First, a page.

Dutch houseboat design integrates cork


In the Netherlands, architecture firm Studio RAP has designed a houseboat that replaces a large amount of wood and other building materials with cork—lowering the floating home’s environmental impact in the process.

The Dutch houseboat is comprised of a timber structure clad solely in cork. A low-density layer acts as insulation while a denser outer layer bonded by mortar creates walls that breathe but provide a comfortable interior climate.

The use of light-weight cork and an origami-inspired, digitally designed layout reduced the use of timber by about 2 tons.   “The expanded cork used in this project is a pure plant-based material with a unique ecological original giving the building an exceptionally low carbon footprint,” the firm tells dwell.com. “Cork is also a great material to manufacture digitally. All cork modules were CNC machined, creating neat seams between them and bespoke window details.”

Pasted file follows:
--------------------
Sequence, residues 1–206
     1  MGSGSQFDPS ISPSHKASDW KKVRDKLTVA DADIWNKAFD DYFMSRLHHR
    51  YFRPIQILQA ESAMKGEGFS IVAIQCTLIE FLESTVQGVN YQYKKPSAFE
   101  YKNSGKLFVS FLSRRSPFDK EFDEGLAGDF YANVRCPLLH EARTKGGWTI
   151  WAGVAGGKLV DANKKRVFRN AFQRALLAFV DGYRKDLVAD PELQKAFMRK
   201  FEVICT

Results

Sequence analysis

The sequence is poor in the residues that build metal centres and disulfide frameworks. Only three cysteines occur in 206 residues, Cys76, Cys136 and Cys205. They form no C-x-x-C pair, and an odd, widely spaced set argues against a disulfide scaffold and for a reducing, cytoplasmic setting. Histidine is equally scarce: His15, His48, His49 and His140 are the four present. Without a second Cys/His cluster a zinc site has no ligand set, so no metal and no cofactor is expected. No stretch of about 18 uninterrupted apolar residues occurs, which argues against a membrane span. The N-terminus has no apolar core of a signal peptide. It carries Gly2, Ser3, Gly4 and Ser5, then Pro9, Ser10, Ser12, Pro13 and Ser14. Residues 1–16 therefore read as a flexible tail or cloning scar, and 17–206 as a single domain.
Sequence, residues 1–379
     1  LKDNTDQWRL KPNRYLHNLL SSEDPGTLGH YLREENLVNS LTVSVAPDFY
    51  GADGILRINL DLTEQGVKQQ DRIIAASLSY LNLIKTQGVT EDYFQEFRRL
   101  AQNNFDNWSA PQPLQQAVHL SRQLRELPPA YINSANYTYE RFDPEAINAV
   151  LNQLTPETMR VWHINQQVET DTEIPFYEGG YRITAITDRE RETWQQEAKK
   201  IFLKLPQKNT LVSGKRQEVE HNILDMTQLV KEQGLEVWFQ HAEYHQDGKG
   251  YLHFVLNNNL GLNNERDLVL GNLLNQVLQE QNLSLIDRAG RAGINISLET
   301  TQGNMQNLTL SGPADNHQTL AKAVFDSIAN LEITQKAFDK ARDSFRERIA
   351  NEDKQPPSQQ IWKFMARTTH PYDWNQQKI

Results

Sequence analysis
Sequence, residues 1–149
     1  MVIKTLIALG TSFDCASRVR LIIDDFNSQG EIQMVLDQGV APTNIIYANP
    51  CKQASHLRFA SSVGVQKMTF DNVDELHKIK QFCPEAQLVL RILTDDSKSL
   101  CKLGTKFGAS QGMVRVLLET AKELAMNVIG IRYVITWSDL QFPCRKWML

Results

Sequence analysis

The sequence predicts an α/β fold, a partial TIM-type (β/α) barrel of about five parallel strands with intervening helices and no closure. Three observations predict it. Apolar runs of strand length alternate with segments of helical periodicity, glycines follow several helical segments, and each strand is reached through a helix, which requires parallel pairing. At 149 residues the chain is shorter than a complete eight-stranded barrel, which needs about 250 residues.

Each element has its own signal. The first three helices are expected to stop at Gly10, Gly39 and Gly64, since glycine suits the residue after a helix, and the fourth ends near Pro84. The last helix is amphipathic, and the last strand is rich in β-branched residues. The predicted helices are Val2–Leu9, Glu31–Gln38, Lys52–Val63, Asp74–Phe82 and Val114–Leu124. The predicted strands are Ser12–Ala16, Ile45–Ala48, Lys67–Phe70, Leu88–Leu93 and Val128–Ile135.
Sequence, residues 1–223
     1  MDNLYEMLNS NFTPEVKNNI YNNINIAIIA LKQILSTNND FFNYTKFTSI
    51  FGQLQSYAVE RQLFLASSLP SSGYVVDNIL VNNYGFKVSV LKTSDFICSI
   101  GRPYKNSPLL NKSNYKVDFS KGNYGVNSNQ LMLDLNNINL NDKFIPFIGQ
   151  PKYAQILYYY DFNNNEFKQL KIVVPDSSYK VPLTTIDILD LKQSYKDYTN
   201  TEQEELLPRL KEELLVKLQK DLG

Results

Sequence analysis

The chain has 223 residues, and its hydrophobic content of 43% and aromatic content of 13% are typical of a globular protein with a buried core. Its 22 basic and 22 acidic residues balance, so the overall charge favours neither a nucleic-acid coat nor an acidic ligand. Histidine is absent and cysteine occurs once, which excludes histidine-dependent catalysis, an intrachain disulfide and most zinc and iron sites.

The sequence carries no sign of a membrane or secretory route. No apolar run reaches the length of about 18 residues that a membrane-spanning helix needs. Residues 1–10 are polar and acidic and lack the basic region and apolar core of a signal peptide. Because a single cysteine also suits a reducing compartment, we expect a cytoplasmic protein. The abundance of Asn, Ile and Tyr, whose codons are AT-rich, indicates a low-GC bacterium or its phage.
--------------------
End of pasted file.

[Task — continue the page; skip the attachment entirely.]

Sustainability was “central in this digital workflow and guided most design decisions. In this way, the project aspires to push the industry further with sustainable architecture and look beyond the use of conventional construction materials and methods,” Studio RAP adds.